In schematic form, the circuit looks pretty simple, since there are only four parts:
We are now ready to connect all the parts together. We tape the laser to the clothes pin as shown in the photo, and glue the clothes pin to the block of wood. We insert the wedge shaped end of half of another clothes pin between the jaws of the first clothes pin. This arrangement makes it easy to make very small adjustments to the vertical angle of the laser beam, making aiming the laser much easier.
Connect the positive alligator test lead to the barrel of the laser, and the negative test lead to the pointed end of the screw. Connect the battery to the battery clip.
Lastly, plug the serial connector into the serial port of the computer. The LED and the laser should both light up as soon as you do this. If they don't, then carefully check all of your connections, and make sure that you didn't accidentally bridge two of the copper foil traces together with solder.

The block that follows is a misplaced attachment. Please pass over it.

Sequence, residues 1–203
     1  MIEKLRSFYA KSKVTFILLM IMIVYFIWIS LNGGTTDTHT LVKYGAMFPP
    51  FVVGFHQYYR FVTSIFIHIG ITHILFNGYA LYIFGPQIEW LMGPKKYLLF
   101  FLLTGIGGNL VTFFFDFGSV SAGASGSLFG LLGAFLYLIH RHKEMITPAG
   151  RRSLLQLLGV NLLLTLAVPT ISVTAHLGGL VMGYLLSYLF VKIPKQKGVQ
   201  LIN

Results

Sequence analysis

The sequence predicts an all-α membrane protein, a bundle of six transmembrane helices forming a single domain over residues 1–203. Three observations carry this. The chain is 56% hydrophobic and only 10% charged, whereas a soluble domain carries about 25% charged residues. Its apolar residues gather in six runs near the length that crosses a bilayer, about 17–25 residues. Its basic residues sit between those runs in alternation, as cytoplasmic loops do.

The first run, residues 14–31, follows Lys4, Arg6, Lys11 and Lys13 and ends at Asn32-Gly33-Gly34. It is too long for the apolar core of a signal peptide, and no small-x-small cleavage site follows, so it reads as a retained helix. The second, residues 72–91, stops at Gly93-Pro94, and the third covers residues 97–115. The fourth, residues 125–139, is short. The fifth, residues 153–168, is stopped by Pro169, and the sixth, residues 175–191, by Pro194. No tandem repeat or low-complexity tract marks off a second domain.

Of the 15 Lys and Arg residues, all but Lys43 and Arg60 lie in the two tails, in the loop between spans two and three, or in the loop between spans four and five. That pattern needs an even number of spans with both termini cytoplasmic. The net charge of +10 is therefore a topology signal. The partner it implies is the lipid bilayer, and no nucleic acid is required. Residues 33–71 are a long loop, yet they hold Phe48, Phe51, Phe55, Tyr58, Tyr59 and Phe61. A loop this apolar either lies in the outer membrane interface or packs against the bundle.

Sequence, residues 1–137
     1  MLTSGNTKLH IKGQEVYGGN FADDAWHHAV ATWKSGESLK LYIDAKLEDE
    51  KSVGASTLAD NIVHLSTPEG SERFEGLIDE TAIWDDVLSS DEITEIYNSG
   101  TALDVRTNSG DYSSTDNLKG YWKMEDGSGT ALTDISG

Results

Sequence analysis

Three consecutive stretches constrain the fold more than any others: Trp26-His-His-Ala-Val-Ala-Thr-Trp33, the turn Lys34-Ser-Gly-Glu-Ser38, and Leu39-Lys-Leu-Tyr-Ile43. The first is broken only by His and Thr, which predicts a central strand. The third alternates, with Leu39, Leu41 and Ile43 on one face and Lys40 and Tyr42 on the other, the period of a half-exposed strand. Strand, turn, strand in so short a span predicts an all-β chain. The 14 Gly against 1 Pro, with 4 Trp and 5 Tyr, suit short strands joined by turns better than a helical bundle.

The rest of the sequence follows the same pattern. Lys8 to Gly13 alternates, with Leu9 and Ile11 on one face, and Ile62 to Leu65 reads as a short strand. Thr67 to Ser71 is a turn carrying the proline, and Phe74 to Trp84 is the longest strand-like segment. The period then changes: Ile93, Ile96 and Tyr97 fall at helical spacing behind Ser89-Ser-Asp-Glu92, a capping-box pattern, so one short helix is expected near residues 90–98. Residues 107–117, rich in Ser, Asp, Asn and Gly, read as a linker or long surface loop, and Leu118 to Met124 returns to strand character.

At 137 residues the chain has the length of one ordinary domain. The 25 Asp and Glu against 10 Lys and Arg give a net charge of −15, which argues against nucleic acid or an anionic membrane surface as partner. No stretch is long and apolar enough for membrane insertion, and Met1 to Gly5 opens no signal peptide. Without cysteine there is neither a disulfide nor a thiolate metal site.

If the LED lights up but the laser does not, check the connections, and also check that the button on the laser is firmly depressed.
Controlling the transmitter
To send a message, we now use the same computer program that we used in the Computer Controlled Radio Transmitter project to convert what we type into Morse code, and turn the laser on and off in dots and dashes.
There is one small difference in the setup, however. The laser is not directly powered by the serial port, as the radio transmitter was. The laser circuit has a transistor switch in it. The transistor inverts the signal. This means that when the serial port is turned on, the transistor turns the laser off. When the serial port turns off, the transistor turns the laser on. This is caused by the simple circuit we use. We could have used two transistors to prevent the inversion, but instead, we simply tell the computer program to invert the signals before it sends them. This is easier and cheaper than adding another transistor.
To receive the Morse code signals, we can use a very simple receiver, made from a piezoelectric earphone and a small solar cell. (We carry this item in our catalog.)